As The Herald revealed yesterday, lawyer Daniel Donaldson and his partner were tormented by 12-year-olds shouting "paedo" and "beast" at them and throwing bottles and bricks at their Edinburgh home.
The couple had tried and failed to obtain an non-harassment order against the youngsters - but have been denied access to their details by authorities because of laws protecting the confidentiality of child perpetrators.
However, Stonewall Scotland director Colin Macfarlane said he believed the incidents showed serious problems about equality education in schools, even after Section 28 - which banned the promotion of homosexuality in local authorities - was repealed.
Mr Macfarlane said: "Despite all evidence suggesting that young people are more tolerant and accepting of LGBT people than older generations, half of hate crime victims say the perpetrator was a stranger under the age of 25.
"What is worrying is that the young people involved in this incident were educated years after Section 28 was repealed and previous restrictions on discussing LGBT issues in schools were lifted.
"Yet we know teachers are still afraid to discuss LGBT issues and many do nothing when they hear homophobic language used in our classrooms and playgrounds.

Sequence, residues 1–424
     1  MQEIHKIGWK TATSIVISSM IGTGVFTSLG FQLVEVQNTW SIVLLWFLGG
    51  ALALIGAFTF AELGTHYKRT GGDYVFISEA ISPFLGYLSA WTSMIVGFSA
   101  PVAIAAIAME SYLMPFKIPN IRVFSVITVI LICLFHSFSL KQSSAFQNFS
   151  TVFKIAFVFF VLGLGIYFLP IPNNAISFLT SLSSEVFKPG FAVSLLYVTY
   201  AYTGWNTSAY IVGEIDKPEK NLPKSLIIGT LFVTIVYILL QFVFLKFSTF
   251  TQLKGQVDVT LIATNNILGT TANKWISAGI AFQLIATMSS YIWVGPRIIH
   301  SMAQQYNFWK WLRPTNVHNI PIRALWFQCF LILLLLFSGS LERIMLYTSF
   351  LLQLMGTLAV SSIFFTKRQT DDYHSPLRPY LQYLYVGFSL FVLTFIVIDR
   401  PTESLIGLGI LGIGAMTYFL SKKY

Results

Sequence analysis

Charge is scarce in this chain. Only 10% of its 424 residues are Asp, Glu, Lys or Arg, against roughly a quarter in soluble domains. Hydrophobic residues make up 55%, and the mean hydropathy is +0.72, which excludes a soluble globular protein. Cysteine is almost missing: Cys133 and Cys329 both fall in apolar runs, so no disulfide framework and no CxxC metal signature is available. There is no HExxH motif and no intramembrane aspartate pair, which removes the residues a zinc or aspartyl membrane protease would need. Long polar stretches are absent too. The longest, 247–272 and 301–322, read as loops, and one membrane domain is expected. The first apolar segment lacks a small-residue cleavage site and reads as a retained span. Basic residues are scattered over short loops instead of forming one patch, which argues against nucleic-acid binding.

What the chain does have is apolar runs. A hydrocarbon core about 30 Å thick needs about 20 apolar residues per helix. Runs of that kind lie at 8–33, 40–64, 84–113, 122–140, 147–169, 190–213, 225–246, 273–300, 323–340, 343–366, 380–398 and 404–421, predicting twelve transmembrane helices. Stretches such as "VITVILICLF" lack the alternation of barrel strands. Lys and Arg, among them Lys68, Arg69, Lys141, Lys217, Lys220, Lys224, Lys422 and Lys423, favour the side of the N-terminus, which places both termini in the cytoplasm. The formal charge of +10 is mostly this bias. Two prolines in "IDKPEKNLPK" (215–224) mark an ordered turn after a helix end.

"Changes to the law are not enough to protect people from being targeted just because they are seen to be different.
"We know that what we learn as children can last a lifetime.
"That's why Stonewall Scotland is working hard with our schools, our teachers and young people themselves to tackle these prejudicial attitudes."
Mr Donaldson and his partner are now leaving their home after failing to secure non-harassment orders.
Authorities, however, yesterday said it would be wrong of them to hand over details of the couple's tormentors, who have been charged and reported to the children's panel system, where they are given anonymity.
A spokeswoman for the Scottish Children's Reporter Administration said: "Our victim information service provides victims of youth crime with information to victims about what has happened to the referral to the Reporter of the child or young person responsible for committing the offence.
"However, the law protects the right of the child or young person to confidentiality and we are unable to give any personal information about the child or young person involved."
A Stonewall poll found one in six Scots LGBT people had been the victim of a hate crime over the last three years.